Atheism’s uselessness

October 30, 2006

“Atheists top book charts by deconstructing God” in yesterday’s book review section in the Guardian discusses success of a slew of newly-published books that examine phenomenon of terrorism from an atheistic perspective.

Such books illustrate a fascinating contradiction: while claiming that atheism is a rational alternative to religion, they only succeed in making it crystal clear that atheism is nothing more than just another religion.

While differing from other creeds it such details as the theory of Creation and the number of gods (zero versus one or more), atheism shares with the rest of them the claim to be the ultimate “Truth,” the muddiness of “proofs,” as well as the zeal with which its True Believers advocate their creed – and ignore its problematic spots.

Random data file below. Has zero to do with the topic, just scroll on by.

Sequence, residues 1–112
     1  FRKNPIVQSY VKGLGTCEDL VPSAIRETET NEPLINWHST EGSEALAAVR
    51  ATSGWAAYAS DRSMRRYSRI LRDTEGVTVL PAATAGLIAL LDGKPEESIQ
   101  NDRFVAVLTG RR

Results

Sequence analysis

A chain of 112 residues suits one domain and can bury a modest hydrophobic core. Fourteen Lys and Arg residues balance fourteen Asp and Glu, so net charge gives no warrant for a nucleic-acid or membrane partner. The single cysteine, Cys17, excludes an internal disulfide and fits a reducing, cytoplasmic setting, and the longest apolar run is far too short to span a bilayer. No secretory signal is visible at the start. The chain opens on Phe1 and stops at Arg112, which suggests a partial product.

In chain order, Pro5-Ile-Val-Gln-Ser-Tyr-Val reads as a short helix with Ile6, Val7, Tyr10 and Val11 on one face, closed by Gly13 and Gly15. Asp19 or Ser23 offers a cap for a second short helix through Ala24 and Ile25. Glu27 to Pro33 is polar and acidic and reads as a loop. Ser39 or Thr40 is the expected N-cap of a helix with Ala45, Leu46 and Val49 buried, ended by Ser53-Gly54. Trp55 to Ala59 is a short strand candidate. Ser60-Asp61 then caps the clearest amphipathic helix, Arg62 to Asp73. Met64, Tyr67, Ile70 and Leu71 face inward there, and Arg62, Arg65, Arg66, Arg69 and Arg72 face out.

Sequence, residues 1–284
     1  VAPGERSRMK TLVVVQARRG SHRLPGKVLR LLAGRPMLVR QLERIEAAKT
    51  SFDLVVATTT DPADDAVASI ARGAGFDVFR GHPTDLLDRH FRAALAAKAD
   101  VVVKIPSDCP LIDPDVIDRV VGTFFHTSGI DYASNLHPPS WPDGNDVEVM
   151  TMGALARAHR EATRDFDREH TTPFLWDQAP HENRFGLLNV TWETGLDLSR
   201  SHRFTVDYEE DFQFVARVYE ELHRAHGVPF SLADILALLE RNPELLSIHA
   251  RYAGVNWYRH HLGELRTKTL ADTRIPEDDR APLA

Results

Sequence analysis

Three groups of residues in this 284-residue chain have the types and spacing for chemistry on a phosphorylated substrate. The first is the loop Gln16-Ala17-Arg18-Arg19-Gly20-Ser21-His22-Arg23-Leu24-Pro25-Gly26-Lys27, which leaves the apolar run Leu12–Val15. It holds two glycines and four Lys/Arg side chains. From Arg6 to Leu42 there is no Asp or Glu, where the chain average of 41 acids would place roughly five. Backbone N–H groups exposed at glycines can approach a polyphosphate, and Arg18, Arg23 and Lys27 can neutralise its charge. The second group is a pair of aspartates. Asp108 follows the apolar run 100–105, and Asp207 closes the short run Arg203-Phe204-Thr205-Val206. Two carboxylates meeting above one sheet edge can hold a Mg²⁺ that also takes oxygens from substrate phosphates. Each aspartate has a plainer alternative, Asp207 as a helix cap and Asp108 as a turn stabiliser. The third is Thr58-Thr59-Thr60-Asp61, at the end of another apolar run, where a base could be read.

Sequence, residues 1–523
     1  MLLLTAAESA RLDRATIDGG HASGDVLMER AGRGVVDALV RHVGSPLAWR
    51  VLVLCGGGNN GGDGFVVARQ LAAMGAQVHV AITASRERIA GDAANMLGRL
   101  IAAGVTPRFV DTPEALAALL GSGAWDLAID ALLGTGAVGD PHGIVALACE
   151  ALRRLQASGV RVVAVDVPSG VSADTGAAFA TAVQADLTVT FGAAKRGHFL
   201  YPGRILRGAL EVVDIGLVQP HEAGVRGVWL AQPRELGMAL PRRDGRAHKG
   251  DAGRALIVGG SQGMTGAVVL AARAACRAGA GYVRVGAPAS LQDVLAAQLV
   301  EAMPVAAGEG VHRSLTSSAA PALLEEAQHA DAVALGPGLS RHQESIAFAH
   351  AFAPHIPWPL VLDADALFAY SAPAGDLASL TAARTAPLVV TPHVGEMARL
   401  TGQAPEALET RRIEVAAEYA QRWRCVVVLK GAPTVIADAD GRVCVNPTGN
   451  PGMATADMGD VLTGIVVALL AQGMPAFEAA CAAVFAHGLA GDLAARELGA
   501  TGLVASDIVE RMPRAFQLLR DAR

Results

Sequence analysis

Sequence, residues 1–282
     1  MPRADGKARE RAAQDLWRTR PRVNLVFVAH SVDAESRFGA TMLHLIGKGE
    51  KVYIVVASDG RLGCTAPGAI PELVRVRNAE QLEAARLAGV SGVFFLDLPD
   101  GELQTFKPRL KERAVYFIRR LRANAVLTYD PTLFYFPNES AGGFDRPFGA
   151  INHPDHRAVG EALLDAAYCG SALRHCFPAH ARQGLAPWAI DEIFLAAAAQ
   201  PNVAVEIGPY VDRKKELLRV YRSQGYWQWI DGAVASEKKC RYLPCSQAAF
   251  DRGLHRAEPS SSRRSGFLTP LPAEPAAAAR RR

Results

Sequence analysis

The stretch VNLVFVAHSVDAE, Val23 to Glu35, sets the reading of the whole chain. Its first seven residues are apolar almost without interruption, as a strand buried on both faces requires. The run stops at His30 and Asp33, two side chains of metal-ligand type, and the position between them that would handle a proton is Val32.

Because, to think of it, atheist’s position is even more vulnerable than that of theists: God’s verbal silence is in no way a proof of his non-existence, and so there is always a possibility that He will reliably reveal Himself (“reliably” is the key word here; because of the problem of the third party, “scriptures” like the Bible or the Koran are signally unreliable as evidence of His revelation or as records of His word). But there is not even a theoretical possibility to prove the atheistic hypothesis. No matter how long we don’t hear from God, the possibility that He exists is still there.

And so, we need a more sensible cure for the malady of terrorism than an unrealistic hope that terrorists will convert to atheism. Solutions offered by its apostles are unworkable because, even in theory, their claims are un-provable.

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